World Class new Zealand: The high-achieving, humble knight

Nominated for Nobel Peace Prize, Commonwealth Secretary-General, Deputy Prime Minister of New Zealand, nine honorary doctorates – the list of achievements and accolades is impressive, and that’s just for starters.
A lesser-known entry on Sir Don McKinnon’s CV is his teaching of communication skills to Paremoremo prison inmates for around 10 years, coaching their debating teams to victory in local competitions. His personal humility contributed greatly to his success as global diplomat. When asked by journalist if he wished to be addressed as “Sir Don”, he suggested that “Hey, you” would work just as well.
Sir Don is widely respected for being able to bring out the best in people. He is internationally recognised for his ability to deal with tough situations and difficult people; anyone from third-world despots and fractious armed rebels to warring office factions and unruly politicians. It’s these skills for which he is recognised by this year’s World Class New Zealand judges.
Sir Don is “humbled” by his award. “I look at the amazing people who have gone before and frankly, I don’t see myself as being in the same category of accomplishment. It is bit of surprise really.”
So does he think New Zealand and New Zealanders should aspire to be world class? “Yes. It’s good to have aspirations but it’s also important that we keep our feet firmly on the ground,” he cautions. “There are things about which New Zealand cannot take so much pride. Child abuse for example. There are areas in which we are perhaps among the world’s best. But there are other areas in which we must do whole better. And we should be demanding that we do them better.”
Sir Don’s most fervent wish for New Zealand is to catch up with Australia’s per capita income. “We will suffer continual drain of our best, most skilled people across the Tasman if we don’t.”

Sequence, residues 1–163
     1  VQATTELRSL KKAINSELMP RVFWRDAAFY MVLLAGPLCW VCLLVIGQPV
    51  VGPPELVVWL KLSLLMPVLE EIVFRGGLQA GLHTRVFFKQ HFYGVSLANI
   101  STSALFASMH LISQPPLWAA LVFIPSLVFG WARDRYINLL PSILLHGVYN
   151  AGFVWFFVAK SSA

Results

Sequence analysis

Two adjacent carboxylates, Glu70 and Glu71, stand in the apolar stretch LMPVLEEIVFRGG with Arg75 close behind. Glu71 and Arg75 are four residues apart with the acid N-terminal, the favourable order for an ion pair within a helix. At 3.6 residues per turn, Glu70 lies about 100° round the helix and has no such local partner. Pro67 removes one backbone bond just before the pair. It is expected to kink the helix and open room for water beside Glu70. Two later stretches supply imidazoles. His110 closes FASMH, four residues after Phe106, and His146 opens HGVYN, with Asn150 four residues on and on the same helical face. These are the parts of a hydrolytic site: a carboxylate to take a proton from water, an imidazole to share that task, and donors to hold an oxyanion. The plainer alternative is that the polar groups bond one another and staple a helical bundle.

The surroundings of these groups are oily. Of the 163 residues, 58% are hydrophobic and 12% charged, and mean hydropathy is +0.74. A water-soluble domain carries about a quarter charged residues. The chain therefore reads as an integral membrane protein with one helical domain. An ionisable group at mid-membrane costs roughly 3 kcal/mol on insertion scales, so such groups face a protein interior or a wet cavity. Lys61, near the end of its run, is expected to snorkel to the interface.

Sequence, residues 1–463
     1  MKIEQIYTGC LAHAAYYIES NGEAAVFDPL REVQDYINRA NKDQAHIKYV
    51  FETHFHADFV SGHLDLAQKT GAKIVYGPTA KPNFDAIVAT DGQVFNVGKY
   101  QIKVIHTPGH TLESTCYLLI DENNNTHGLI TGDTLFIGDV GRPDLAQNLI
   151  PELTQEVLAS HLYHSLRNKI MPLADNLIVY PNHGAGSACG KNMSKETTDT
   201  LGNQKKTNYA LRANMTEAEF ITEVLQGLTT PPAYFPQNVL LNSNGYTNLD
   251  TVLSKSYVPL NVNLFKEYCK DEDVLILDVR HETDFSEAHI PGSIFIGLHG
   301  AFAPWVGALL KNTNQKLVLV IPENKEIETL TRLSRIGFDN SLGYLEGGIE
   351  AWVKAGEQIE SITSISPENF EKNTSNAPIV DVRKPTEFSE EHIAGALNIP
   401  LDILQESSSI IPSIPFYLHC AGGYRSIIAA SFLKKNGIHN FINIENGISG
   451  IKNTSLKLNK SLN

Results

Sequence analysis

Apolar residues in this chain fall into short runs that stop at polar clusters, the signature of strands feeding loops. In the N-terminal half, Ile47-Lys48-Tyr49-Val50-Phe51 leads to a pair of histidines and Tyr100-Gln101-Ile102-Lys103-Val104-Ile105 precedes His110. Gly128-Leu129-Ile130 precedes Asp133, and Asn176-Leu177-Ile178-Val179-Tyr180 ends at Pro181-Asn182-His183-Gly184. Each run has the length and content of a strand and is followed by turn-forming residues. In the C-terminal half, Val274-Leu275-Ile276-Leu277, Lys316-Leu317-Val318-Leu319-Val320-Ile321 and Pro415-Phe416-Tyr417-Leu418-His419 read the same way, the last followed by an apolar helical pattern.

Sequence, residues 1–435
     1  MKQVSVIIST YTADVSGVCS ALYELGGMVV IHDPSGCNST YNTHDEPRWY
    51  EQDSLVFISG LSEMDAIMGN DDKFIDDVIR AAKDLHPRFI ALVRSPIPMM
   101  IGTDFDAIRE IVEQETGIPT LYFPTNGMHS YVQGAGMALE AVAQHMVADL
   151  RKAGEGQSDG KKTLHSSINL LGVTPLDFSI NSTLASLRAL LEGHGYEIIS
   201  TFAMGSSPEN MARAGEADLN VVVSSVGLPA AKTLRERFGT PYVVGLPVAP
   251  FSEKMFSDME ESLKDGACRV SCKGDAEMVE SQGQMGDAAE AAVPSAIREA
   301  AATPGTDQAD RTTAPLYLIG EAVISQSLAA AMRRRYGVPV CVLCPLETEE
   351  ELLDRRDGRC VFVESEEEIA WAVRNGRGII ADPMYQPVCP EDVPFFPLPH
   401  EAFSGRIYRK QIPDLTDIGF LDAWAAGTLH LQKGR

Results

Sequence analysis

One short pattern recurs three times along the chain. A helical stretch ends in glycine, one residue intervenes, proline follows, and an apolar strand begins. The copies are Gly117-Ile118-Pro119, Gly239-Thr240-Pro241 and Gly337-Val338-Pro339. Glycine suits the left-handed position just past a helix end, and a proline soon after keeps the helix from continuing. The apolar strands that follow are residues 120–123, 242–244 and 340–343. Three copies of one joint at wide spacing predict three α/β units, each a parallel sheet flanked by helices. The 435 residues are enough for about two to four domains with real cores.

New Zealand is viewed “very positively” around the world, he says, but the important reality is that “we have drifted behind Australia by about one percent year for the past 40 years” and that is having negative consequences.
“Changing this trend will take real political leadership,” he adds conceding that the government has already identified the problem and promised to reverse it. “Somehow we have to do better.”
Sir Don was born in London of New Zealand parents in 1939. He subsequently studied at Lincoln Agricultural College and then spent time as an army conscript, worked as farm manager and farm consultant and sold real estate.
Sir Don entered Parliament as the National Party Member for Albany in 1978. He went on to serve as the Party’s Chief Whip. He became Deputy Prime Minister and Minister of Foreign Affairs and Trade after the 1990 election and also became Leader of the House. His almost 10-year stint as Minister of Foreign Affairs and Trade allowed him to build New Zealand’s diplomatic and commercial influence in Asia, Latin America, all regions within the Commonwealth and, at the United Nations.
He oversaw New Zealand’s election to the UN Security Council in 1993 and the despatch of New Zealand peacekeepers to help maintain order in world trouble spots. In 1997 Sir Don brokered an accord to end decade of civil war on Bougainville in Papua New Guinea. It was this that prompted his Nobel Peace Prize nomination.
When he retired from Parliament in 2000 he was appointed Secretary-General of the Commonwealth. He served two terms until 2008. He is credited with modernising the Commonwealth Secretariat’s structure, raising its public profile, prioritising the needs of young people to sit at the heart of its work focus and, promoting youth programmes, especially to deal with HIV/AIDS.
Sir Don’s Order of New Zealand is this country’s highest honour. As supporter of home-grown honours, he once turned down Knighthood from the New Zealand government. But when the Queen approached him personally to accept the honour of Knight Grand Cross of the Victorian Order for his Commonwealth work he relented.
He continues to advise on international relations. He works with agencies such as the Global Panel Foundation, the Aspen Ministerial Forum, and the G3 strategic consultancy and its charitable foundation. He chairs the New Zealand China Council, the Queen Elizabeth II Diamond Jubilee Trust and Regional Facilities Auckland. M

Reg Birchfield Life FNZIM is writer on leadership, governance and management. [email protected]

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